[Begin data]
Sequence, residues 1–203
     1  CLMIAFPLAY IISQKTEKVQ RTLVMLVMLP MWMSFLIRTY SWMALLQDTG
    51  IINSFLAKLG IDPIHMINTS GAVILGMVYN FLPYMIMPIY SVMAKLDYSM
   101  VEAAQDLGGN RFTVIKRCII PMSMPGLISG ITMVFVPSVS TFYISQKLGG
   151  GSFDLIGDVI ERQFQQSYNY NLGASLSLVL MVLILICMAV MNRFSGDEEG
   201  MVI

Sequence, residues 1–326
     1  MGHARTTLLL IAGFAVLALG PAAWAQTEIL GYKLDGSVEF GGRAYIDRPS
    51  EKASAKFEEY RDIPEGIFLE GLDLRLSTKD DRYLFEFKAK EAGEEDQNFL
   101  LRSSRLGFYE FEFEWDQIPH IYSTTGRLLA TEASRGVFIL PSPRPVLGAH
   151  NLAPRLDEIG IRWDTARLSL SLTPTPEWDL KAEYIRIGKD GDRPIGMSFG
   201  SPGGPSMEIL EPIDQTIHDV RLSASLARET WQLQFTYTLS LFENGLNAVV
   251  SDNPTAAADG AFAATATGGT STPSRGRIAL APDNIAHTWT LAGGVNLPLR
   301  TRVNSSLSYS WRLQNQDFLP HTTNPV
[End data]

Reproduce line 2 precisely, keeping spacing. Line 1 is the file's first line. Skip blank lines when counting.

     1  CLMIAFPLAY IISQKTEKVQ RTLVMLVMLP MWMSFLIRTY SWMALLQDTG